Stephen, one of the seven began to preach and do many wonders and signs among the people. Some of those who had heard him vigorously opposed his teaching and started plotting to destroy him.
Blasphemy, under the Law of Moses was an offence punishable by death. These Jews accused Stephen of blasphemy and after having him arrested, they set up false witnesses to testify to the Sanhedrin in court that they had heard him speak blasphemous words about Moses, God and the law.
After hearing these charges, the high priest asked Stephen if these things were so. In presenting his defense, he told the story of Christ, the Son of God, beginning at the calling of Abraham.
Stephen proceeded to detail the history of the Jewish people. He started with their father, Abraham who was promised a great nation and was promised that all nations of the earth would be blessed in him.
God renewed this promise to Abraham’s son, Isaac and to Isaac’s son, Jacob.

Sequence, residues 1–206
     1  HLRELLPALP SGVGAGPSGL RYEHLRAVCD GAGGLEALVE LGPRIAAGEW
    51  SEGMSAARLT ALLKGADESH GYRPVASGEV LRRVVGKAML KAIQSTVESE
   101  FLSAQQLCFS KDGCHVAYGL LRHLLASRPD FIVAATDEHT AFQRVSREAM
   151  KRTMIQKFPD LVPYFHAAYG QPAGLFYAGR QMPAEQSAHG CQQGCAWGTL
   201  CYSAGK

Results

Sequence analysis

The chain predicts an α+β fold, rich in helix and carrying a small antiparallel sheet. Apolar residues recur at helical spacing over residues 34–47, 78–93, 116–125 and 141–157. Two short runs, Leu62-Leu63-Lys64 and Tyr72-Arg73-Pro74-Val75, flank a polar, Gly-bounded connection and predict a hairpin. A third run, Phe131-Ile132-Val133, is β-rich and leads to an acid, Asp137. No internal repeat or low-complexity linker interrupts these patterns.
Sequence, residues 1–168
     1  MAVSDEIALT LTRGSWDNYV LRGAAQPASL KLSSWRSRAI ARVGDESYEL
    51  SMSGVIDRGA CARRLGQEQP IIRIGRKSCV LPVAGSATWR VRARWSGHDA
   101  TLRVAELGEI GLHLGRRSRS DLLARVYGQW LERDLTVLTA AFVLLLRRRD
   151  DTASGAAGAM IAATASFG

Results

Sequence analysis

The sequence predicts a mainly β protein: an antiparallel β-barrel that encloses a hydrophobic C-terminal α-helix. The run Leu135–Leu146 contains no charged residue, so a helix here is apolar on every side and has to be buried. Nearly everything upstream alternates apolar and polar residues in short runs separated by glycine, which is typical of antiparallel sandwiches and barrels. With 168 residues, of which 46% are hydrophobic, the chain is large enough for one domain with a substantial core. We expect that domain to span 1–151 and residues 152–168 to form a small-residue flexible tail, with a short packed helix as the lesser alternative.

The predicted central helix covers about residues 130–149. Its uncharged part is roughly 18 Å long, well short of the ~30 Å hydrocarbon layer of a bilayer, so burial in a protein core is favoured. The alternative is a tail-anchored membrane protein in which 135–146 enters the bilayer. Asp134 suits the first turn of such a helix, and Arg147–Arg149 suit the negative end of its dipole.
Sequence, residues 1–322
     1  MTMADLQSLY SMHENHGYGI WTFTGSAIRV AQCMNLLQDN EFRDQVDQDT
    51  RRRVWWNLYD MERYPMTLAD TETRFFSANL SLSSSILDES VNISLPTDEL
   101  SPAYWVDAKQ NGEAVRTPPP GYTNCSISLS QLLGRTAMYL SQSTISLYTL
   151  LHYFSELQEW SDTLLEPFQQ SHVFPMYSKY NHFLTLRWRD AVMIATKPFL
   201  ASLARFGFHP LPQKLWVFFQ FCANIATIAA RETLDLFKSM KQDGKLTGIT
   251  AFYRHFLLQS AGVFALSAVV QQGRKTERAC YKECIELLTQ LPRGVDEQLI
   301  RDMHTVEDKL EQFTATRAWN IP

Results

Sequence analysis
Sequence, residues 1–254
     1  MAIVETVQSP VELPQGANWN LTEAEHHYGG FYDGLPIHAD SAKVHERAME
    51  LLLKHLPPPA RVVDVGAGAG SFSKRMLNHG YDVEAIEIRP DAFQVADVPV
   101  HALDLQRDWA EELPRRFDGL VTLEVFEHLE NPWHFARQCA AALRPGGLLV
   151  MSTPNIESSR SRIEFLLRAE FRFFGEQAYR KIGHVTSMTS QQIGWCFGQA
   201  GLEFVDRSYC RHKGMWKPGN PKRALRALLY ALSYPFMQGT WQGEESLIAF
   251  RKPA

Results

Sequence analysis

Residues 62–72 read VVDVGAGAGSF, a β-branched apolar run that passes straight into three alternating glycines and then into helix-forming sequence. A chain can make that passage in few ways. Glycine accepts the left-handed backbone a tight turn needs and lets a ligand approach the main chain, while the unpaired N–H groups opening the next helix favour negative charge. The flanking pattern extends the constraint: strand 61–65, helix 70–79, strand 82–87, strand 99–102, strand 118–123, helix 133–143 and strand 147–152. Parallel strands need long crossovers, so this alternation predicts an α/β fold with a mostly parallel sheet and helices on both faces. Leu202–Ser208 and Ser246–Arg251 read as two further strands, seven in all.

Stephen recounted the events that led to the four hundred year slavery of the Israelites in Egypt and how Moses was called to lead them to freedom. It was after this release from Egypt that God instituted a law, which became known as the Law of Moses.
Even though the Israelites had seen the miracles God had performed through Moses, they were a complaining group of people. At times, they had refused the leadership of Moses and turned their backs on God and worshipped idols.
Stephen reminded the people that this was the same Moses who had prophesied that, “The Lord your God will raise up for you a Prophet like me from your brethren. Him you shall hear.”
The temple had been the house of God, but Stephen pointed out that now God does not dwell in temples made with hands.
Stephen charged the Jews with the same behavior that their fathers had committed, but in addition, they had murdered the Just One.
The Sanhedrin was so outraged by the things that Stephen had said that they lost control of themselves. They cast him out of the city and contrary to Roman law, stoned him to death. Under the Roman law, Jews were not permitted to execute capital punishment.
Stephen had a forgiving heart. As he was dying, he prayed, “Lord, do not charge them with this sin.”
One of the people present was a young man named Saul. He looked after the clothes of the ones who killed Stephen.